So the Huntsville City Schools passed its 2012 budget on September 8. Geekpalaver reports there was one question from the public: “Could I get a copy of the final budget?”. How, exactly, the public is supposed to ask questions or comment intelligently on documents before they can read them remains a mystery.
Totally worthless other than as an exercise in cultivating indignation is reviewing the Huntsville City Schools’ check registers posted on-line. Worthless because the monies have been spent. Intriguing, nonetheless.
Here are some things that interested me, looking back from January to July of 2011.
Shop for Office Supplies — at the Hilton Garden Inn????
Get your Print Job Done — at the Country Club????
I don’t know about you, but Wal-mart or Staples is where I shop for office supplies. It never would occur to me that I might be able to get a better deal at the Hilton. But that’s where the HCS spent $2,176.58 on office supplies, according to page 10 of the May check register.
After shopping at the Hilton, I might buzz over to check out what’s on offer at the Huntsville Country Club, where the HCS spent $3551.42 on non-instructional supplies, printing and binding in April (p. 14).
Got to Pay Jennie’s Dues
This may be totally legit. If so, it still raises interesting questions. The HCS cut Board member Jennie Robinson a check for $655 for “other dues and fees” in January 2011 (p. 17). None of the other four Board members received reimbursement for “dues and fees.”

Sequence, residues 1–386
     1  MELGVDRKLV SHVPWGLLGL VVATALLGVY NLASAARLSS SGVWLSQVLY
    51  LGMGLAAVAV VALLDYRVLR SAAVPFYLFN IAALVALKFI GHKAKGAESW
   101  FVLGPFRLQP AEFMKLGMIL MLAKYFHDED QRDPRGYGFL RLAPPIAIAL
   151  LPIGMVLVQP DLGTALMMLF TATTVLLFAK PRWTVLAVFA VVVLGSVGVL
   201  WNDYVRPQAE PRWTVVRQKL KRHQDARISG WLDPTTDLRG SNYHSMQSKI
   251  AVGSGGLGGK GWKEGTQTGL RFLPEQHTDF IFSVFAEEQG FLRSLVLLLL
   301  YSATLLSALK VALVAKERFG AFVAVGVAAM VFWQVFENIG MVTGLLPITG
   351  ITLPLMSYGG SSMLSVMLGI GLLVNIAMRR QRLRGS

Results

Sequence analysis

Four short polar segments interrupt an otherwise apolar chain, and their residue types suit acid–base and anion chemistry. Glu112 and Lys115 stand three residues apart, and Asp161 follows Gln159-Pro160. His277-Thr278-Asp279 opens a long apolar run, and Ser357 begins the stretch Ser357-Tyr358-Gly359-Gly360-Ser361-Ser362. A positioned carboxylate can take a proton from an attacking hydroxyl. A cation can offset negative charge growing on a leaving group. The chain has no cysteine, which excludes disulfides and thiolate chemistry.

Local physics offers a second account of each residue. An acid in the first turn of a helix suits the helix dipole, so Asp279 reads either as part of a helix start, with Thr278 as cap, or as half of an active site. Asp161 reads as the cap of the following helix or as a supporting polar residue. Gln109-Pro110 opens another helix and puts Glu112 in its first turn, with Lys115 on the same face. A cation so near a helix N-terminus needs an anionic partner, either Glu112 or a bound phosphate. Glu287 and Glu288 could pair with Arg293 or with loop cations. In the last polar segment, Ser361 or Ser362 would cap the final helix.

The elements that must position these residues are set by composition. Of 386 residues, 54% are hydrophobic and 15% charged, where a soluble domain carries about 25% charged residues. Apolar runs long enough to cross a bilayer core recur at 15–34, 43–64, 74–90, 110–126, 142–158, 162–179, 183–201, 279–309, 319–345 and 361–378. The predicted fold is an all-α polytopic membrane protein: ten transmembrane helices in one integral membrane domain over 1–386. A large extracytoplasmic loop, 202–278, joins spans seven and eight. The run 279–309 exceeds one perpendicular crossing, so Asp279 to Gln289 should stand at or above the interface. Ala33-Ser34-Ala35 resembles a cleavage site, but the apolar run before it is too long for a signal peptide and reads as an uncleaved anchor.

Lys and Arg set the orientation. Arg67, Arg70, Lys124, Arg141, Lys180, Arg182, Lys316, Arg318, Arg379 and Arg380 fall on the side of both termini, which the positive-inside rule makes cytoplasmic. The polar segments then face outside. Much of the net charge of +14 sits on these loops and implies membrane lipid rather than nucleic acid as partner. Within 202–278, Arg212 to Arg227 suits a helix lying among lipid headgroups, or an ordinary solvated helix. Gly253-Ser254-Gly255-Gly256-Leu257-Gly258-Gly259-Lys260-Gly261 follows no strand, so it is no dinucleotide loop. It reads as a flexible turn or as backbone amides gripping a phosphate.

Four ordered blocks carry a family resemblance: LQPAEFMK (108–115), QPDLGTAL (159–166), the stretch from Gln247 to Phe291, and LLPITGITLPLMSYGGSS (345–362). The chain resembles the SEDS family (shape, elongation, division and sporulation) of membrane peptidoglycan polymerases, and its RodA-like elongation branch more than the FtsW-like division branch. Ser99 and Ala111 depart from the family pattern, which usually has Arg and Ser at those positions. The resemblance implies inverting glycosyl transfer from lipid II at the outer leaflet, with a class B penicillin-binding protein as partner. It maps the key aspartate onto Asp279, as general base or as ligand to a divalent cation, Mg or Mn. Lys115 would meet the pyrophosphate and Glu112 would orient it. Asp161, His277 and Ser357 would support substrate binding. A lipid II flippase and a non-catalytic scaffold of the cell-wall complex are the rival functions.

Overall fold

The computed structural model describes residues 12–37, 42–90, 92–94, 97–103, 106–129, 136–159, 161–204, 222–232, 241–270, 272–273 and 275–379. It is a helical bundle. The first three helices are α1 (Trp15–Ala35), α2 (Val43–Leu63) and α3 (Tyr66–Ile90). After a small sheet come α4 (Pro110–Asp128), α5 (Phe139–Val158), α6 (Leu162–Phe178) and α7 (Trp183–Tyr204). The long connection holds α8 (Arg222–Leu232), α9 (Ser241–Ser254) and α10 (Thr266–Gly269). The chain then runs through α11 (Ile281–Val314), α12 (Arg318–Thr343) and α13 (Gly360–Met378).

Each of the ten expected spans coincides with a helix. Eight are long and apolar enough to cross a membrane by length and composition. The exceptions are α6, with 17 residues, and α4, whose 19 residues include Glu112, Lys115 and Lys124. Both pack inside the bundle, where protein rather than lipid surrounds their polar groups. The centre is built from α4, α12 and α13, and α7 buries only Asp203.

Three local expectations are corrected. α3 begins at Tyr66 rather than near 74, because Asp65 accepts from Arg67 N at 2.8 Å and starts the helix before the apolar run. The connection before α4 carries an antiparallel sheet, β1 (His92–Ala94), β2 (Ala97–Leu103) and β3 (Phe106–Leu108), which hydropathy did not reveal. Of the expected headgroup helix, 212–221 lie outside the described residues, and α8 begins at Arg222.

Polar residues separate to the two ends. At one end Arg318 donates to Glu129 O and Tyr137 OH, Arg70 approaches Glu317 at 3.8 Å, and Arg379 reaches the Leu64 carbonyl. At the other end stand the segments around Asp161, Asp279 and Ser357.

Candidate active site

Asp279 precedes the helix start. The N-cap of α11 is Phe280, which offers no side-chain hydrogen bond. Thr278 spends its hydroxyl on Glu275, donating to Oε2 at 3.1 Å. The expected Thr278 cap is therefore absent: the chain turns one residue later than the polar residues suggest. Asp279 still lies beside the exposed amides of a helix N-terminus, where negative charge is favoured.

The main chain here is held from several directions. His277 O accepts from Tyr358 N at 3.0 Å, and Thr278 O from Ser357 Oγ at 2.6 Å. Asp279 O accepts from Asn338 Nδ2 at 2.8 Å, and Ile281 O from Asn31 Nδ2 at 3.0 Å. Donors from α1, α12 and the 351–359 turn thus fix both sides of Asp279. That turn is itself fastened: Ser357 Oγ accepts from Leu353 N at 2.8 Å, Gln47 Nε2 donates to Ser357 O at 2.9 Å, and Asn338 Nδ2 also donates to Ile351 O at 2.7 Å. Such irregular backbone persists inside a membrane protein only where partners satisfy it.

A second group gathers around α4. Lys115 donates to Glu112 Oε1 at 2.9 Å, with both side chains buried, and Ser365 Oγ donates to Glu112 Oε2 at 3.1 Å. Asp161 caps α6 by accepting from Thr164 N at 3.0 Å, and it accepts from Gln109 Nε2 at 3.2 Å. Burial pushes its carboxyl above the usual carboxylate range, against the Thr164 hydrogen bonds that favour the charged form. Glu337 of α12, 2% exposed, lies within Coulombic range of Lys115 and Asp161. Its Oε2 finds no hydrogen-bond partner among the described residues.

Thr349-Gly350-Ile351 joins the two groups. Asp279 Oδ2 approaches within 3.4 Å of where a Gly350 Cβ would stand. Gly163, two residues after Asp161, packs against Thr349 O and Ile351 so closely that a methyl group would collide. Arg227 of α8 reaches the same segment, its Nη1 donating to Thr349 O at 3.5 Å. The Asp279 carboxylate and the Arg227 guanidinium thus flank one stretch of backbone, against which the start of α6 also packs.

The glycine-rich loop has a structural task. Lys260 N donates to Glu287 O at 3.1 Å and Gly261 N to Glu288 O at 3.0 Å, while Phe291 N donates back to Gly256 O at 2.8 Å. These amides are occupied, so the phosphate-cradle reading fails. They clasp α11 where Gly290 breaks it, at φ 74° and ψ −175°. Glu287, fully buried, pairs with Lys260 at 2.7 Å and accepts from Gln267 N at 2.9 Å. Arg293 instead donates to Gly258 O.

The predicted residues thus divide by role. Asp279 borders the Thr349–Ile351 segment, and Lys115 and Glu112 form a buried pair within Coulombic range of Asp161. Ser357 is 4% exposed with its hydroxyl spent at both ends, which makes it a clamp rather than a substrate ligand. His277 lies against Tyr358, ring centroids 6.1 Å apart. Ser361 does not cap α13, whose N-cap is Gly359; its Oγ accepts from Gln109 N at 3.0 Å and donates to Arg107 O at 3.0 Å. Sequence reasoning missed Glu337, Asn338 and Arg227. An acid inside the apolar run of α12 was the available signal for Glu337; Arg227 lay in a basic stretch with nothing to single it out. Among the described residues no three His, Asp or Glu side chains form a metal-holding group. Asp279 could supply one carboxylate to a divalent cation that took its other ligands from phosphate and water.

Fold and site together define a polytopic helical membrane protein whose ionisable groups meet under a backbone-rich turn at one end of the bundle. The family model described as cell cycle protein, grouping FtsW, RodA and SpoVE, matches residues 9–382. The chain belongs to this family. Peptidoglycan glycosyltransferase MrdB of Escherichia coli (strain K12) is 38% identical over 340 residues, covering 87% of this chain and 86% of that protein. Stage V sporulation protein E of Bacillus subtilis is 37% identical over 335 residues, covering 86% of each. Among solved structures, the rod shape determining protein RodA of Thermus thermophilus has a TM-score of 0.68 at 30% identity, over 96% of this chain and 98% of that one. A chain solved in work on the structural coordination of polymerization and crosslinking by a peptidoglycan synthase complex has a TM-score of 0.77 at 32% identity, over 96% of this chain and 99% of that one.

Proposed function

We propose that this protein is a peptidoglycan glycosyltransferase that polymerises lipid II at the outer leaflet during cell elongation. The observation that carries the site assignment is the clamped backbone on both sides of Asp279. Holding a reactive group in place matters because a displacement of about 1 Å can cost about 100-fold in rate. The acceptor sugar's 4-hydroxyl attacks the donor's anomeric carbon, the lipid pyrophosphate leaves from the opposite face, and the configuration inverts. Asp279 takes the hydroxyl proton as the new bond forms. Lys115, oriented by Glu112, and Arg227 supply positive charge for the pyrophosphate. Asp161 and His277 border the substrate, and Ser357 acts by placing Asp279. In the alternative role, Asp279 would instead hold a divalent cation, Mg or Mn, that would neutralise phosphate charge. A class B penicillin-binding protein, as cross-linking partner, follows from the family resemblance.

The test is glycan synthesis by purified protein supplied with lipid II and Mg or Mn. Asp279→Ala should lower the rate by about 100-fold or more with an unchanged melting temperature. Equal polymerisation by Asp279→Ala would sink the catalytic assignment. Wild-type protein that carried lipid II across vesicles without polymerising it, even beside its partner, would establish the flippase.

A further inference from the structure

I can think of two reasons for this. One is that JR is a star Board member, belonging to all the right Board professional organizations, and the other four are all slackers. Very possibly true.
Two is that the “fees and dues” JR got reimbursed for are not directly relevant to her service on the Board, and that is why the other four weren’t similarly cut checks for $655 each.
If these fees are for organizations directly relevant to her service on the Board, good for her. But not all professional groups would fit that criteria. For example, let’s say an electrical engineer were elected to the Board. He shouldn’t expect his IEEE dues to be paid, because membership in the IEEE isn’t relevant to serving on the Board.
Of course, there is no point in simply asking her at the next Board meeting, since Board members don’t answer questions from the public.
Q: How Many Consultants Does It Take to Screw in the Proverbial Lightbulb?
A: As Many as You Are Willing to Pay
First, remember that $70,000 so-called Demographer’s Report? The utterly worthless insult to the Huntsville taxpayers? It really cost $70,656.50. In March, a check was cut to Steve Salmon’s Gude Management Group for $37,669.76, followed by one for $32,986.74 in April. And remember in June the Board voted to pay Salmon’s boss at Education Planners, James Wilson, $3000 to attend the community meetings in place of the pseudo-demographer? Turns out that Wilson was really paid $4,692.60, funneled through Gude. Total amount blown on that fiasco: $75,349.10.
A modest proposal: Until the HCS is in the black, no more consultants.
- No consultants from California to play party games with the superintendent and Board (“During a more light-hearted exercise, each participant at the retreat had to anonymously write down a secret detail about their lives and the others had to guess which participant the secret was about.”). When the August check register appears, we’ll find out how much that day in the (Burritt) park cost.
- No consultants from Georgia to cut and paste freely available documents together and call it a study.
- If the five Board members can’t handle their responsibilities without having their hands held, then they should resign.
Well, that’s enough for today’s exercise in futility. Bounce on over to the HCS Finance Report and find your own favorites.